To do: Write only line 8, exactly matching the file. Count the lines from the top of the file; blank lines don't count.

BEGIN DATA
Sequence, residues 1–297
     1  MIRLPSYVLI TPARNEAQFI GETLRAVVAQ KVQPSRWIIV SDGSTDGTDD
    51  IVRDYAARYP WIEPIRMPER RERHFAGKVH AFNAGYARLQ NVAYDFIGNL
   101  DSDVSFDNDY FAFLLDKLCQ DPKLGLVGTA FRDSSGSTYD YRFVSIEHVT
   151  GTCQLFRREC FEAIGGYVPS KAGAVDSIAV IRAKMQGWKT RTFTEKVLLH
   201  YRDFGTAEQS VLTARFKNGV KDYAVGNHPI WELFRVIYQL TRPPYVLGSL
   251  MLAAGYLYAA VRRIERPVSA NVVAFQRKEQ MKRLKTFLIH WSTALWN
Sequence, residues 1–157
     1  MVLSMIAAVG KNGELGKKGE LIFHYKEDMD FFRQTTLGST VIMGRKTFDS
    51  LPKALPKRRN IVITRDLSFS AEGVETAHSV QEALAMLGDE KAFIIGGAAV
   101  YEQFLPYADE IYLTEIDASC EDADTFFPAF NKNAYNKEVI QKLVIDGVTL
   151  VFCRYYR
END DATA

Sequence, residues 1–157